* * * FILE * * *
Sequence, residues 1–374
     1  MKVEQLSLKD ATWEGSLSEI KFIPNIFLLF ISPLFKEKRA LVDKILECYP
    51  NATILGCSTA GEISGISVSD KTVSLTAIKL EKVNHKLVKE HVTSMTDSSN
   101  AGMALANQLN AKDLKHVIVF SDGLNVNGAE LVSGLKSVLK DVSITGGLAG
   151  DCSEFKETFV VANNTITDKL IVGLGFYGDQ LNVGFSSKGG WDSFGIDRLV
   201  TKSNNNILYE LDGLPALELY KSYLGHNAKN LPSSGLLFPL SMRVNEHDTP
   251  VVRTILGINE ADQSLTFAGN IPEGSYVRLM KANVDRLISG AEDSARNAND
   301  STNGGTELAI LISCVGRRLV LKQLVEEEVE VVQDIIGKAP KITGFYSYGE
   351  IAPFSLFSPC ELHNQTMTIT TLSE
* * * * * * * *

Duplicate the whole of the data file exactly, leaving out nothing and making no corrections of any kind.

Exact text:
Sequence, residues 1–374
     1  MKVEQLSLKD ATWEGSLSEI KFIPNIFLLF ISPLFKEKRA LVDKILECYP
    51  NATILGCSTA GEISGISVSD KTVSLTAIKL EKVNHKLVKE HVTSMTDSSN
   101  AGMALANQLN AKDLKHVIVF SDGLNVNGAE LVSGLKSVLK DVSITGGLAG
   151  DCSEFKETFV VANNTITDKL IVGLGFYGDQ LNVGFSSKGG WDSFGIDRLV
   201  TKSNNNILYE LDGLPALELY KSYLGHNAKN LPSSGLLFPL SMRVNEHDTP
   251  VVRTILGINE ADQSLTFAGN IPEGSYVRLM KANVDRLISG AEDSARNAND
   301  STNGGTELAI LISCVGRRLV LKQLVEEEVE VVQDIIGKAP KITGFYSYGE
   351  IAPFSLFSPC ELHNQTMTIT TLSE